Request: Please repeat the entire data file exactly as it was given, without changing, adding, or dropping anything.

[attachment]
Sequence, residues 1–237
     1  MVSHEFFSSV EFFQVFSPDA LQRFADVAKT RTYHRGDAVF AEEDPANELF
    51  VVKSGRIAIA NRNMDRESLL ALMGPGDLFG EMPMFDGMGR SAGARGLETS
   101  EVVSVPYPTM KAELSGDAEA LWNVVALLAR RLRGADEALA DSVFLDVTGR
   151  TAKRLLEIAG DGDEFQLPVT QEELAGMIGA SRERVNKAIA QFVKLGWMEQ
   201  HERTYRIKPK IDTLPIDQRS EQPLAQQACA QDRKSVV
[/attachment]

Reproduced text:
Sequence, residues 1–237
     1  MVSHEFFSSV EFFQVFSPDA LQRFADVAKT RTYHRGDAVF AEEDPANELF
    51  VVKSGRIAIA NRNMDRESLL ALMGPGDLFG EMPMFDGMGR SAGARGLETS
   101  EVVSVPYPTM KAELSGDAEA LWNVVALLAR RLRGADEALA DSVFLDVTGR
   151  TAKRLLEIAG DGDEFQLPVT QEELAGMIGA SRERVNKAIA QFVKLGWMEQ
   201  HERTYRIKPK IDTLPIDQRS EQPLAQQACA QDRKSVV